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Medieval Mayhem: The Last Duel

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It's a powerful epic set 600 years ago but as timely as Harvey Weinstein.

The Last Duel

“The penalty for bearing false witness is that you are to be burned alive.” Le Gris' Priest (John Kavanagh)

Indeed, epic and enjoyable, The Last Duel bears the weight of rape that goes on even today with a woman who challenges a man for violating her against her will. However, this historically accurate medieval occurrence happened 600 years ago under the Normandy reign of the “mad” king, Charles VI. In addition, its legal battles are almost as interesting as how a virtuous woman can withstand the pressures of men who rule her and all other women with witless tyranny.

Conditions for Marguerite de Carrouges (Jodie Comer) are worse for her in the 14th century because the same “he said” “she said” is met with the same disbelief as in many cases today. Her uptight husband, Sir Jean (Matt Damon), who rarely smiles, will eventually agree to a duel with his squire, Jacque Le Gris (Adam driver), the accused. It may be the last duel, but it is not the last time a woman comes near death for her allegations.

Ridley Scott, who knows something about action (Blade Runner, Gladiator), directs this almost melodrama to a fine degree as he explores, Rashomon-style, three points of view about the rape yet has as memorable a stock dueling scene with horses and lances as any I’ve seen. The complex drama allows us to question the truth of contradictory elements and to long for a resolution that is unambiguous but eventually hard to attain.

The question about justice for women is present as it is today, for in the end the men determine, and women are left helplessly pleading to be treated fairly. That the truth of her allegations rests on the outcome of the duel is absurd but allowed because the King wills it, as if chance could determine the truth more than truth itself.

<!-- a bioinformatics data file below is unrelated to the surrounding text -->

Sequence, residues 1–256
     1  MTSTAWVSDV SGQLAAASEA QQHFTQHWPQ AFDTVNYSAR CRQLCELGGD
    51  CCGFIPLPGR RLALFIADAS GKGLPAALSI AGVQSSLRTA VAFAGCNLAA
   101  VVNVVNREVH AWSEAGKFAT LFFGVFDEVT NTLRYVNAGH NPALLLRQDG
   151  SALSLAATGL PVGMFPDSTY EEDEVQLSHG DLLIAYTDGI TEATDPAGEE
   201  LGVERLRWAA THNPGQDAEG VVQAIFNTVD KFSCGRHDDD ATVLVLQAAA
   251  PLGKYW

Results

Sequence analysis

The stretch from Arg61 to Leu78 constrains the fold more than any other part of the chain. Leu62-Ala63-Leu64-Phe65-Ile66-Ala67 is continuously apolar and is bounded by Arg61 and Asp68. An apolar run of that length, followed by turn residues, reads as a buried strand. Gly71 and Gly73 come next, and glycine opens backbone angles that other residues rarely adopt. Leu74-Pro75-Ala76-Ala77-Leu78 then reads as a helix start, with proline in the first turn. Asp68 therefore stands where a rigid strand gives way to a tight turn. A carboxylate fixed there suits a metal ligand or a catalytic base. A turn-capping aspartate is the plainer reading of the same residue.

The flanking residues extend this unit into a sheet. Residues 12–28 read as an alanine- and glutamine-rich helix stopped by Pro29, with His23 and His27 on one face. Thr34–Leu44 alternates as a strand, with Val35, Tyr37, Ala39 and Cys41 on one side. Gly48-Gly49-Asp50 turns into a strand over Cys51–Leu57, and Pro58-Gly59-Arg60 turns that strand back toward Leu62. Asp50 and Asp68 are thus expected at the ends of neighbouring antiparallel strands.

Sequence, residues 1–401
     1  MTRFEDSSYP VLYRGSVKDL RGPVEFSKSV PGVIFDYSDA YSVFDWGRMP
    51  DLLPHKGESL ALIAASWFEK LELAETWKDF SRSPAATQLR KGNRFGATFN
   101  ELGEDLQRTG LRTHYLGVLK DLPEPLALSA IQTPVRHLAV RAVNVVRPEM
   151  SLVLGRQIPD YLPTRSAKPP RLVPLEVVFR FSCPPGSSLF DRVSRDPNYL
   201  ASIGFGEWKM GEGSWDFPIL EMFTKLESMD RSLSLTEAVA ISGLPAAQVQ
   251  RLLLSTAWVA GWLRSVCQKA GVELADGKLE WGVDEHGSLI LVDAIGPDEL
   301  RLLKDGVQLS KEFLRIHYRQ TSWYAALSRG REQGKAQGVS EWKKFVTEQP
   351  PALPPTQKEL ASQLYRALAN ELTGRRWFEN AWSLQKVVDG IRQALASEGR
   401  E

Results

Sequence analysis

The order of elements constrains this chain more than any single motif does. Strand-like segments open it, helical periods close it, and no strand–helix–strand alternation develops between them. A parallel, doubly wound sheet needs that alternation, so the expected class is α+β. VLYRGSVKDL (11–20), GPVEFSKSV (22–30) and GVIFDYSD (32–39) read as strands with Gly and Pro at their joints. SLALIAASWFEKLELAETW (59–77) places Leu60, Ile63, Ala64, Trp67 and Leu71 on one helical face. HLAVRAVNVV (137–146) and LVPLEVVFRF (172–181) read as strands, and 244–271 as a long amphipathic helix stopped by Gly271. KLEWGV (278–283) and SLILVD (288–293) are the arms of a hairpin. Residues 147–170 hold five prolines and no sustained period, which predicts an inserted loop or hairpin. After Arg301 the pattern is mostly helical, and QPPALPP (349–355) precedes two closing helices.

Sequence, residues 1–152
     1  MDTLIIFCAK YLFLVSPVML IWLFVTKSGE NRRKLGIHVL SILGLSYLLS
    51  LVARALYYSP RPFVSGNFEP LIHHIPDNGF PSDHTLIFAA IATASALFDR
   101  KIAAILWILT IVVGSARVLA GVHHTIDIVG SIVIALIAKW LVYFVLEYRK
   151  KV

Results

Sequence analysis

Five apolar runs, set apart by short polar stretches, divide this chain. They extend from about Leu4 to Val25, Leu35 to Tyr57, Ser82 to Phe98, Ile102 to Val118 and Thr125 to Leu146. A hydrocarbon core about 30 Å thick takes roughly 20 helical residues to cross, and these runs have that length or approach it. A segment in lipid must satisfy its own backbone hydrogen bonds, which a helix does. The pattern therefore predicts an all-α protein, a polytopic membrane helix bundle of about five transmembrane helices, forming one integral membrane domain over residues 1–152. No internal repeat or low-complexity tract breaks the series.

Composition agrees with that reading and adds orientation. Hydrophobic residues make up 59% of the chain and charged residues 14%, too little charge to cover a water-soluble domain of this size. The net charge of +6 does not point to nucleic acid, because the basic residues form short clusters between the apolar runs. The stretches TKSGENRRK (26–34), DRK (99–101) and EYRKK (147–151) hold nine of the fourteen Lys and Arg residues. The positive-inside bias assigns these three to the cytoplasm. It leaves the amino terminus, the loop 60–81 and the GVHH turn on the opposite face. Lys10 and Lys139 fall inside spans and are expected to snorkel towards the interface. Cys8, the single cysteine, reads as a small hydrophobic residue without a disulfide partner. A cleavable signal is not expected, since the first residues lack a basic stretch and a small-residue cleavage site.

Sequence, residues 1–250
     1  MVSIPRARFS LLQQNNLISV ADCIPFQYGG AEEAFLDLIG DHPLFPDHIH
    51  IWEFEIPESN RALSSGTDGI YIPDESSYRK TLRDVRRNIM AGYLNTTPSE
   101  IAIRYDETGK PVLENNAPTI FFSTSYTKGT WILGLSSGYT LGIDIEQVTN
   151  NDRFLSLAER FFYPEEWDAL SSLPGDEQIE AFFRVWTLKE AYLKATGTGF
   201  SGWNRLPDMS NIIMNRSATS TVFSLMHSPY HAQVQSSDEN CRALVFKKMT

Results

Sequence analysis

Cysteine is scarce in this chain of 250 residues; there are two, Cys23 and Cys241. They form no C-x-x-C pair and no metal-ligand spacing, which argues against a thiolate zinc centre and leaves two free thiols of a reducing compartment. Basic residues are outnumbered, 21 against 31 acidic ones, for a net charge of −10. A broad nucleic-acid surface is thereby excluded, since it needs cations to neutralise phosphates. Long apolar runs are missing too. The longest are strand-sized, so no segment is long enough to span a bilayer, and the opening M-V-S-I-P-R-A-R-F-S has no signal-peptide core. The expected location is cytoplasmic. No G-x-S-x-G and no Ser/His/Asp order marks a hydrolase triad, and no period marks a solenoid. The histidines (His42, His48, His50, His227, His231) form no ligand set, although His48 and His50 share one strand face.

Never does Scott let the action overshadow the search for truth because he allows sharp questioning take place, albeit resting on false assumptions such as if a woman doesn’t feel pleasure at the end of the act with her husband, there will be no child, or that a child does not ensue from rape, or that describing a man as handsome predisposes a woman to adultery. Ages ago but a contemporary ignorance our ultra-conservative covens love.

Not half as important but more interesting is the turf battle, where land is capriciously given away or gobbled up for debt less than its worth. Women as chattel is not new—doweries exist today even if they are not called that: “Rape is not a crime against women” says one man. “It is a crime of property.”

The Last Duel gives the audience almost all the possible pleasures from a motion picture that include gorgeous property and people. Enjoy as it was meant to be seen—in a theater.

John DeSando, a Los Angeles Press Club first-place winner for National Entertainment Journalism, hosts WCBE’s It’s Movie Time and co-hosts Cinema Classics. Contact him at JohnDeSando62@gmail.com

The Last Duel

Director: Ridley Scott (Blade Runner)

Screenplay: Nicole Holofcener (Can You Ever Forgive Me?) Matt  Damon, Ben Affleck

Cast: Matt Damon (Bourne Legacy), Adam Driver (Marriage Story)

Run Time: 2h 32 m

Rating: R

John DeSando holds a BA from Georgetown University and a Ph.D. in English from The University of Arizona. He served several universities as a professor, dean, and academic vice president. He has been producing and broadcasting as a film critic on It’s Movie Time and Cinema Classics for more than two decades. DeSando received the Los Angeles Press Club's first-place honors for national entertainment journalism.